HIV antigen and antibody detection: variable responses to infection in the Edinburgh haemophiliac cohort.
Simmonds P., Lainson FA., Cuthbert R., Steel CM., Peutherer JF., Ludlam CA.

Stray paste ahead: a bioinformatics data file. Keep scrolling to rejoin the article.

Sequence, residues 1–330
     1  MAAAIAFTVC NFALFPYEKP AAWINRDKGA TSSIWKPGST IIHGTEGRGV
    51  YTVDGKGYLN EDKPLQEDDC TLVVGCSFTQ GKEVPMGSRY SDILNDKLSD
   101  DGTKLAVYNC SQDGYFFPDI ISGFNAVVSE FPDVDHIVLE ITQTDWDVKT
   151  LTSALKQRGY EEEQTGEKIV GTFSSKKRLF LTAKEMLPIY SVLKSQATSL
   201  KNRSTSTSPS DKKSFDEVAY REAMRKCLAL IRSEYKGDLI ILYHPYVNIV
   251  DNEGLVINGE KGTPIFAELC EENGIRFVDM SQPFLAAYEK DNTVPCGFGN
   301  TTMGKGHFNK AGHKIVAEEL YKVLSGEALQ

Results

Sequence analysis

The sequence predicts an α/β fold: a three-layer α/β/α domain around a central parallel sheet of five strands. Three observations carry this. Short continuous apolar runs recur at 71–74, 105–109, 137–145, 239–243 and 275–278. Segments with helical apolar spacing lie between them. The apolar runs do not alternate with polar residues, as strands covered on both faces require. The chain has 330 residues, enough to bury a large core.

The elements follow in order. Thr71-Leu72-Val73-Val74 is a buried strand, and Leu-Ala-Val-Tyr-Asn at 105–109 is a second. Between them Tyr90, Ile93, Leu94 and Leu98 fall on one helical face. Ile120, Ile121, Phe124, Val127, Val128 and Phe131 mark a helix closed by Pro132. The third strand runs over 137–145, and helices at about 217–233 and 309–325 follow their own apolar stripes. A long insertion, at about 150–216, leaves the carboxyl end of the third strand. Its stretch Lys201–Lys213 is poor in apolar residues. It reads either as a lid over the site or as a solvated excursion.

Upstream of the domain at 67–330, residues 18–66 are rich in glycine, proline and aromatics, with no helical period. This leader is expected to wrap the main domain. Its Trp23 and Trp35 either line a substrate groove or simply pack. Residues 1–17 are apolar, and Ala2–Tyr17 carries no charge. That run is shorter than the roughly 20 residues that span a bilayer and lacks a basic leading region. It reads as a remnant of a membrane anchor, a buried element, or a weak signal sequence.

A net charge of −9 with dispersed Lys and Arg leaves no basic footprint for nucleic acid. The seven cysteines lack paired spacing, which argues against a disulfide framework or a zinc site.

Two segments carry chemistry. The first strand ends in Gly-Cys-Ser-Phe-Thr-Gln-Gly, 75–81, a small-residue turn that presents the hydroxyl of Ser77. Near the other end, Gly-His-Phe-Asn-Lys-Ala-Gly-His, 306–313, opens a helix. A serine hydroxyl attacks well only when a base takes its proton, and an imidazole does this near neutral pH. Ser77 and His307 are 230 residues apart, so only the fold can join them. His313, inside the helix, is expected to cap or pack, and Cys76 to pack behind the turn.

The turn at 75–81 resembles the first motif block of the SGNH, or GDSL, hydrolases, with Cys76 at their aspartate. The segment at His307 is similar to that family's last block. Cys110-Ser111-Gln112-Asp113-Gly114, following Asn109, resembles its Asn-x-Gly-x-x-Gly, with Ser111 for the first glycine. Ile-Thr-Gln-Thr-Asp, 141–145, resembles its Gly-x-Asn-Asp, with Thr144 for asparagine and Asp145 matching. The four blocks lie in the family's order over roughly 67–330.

Sequential serum samples from 18 haemophiliac patients exposed simultaneously to human immunodeficiency virus type 1 (HIV 1) in early 1984 were tested retrospectively for serological markers of infection. Assay for total antibodies to HIV established that the time to seroconversion might be as long as 110 days after exposure to contaminated factor VIII; serum samples were also tested by Western blotting, by enzyme linked immunosorbent assay (ELISA) for specific antibodies to envelope and core proteins, and for p24 antigen by two assay systems during the two years after infection. The studies showed that five of the 12 patients for whom serum samples obtained between exposure and seroconversion were available had transient p24 antigenaemia. Although amounts of total antibody to HIV and of antibodies to envelope proteins rose continuously during the two years of the study, amounts of antibody to the core protein were variable and tended to decline in patients who became symptomatic. Two patients had persistent p24 antigenaemia that began four months after seroconversion; these patients remained asymptomatic. One patient who developed the acquired immune deficiency syndrome (AIDS) had transient antigenaemia at the time of seroconversion but failed to show any antigen for the rest of the study; progression to AIDS was accompanied by an increase in antibodies to envelope proteins. Much of the variability in the course of infection with HIV must represent the differences in the susceptibility of the patients to infection.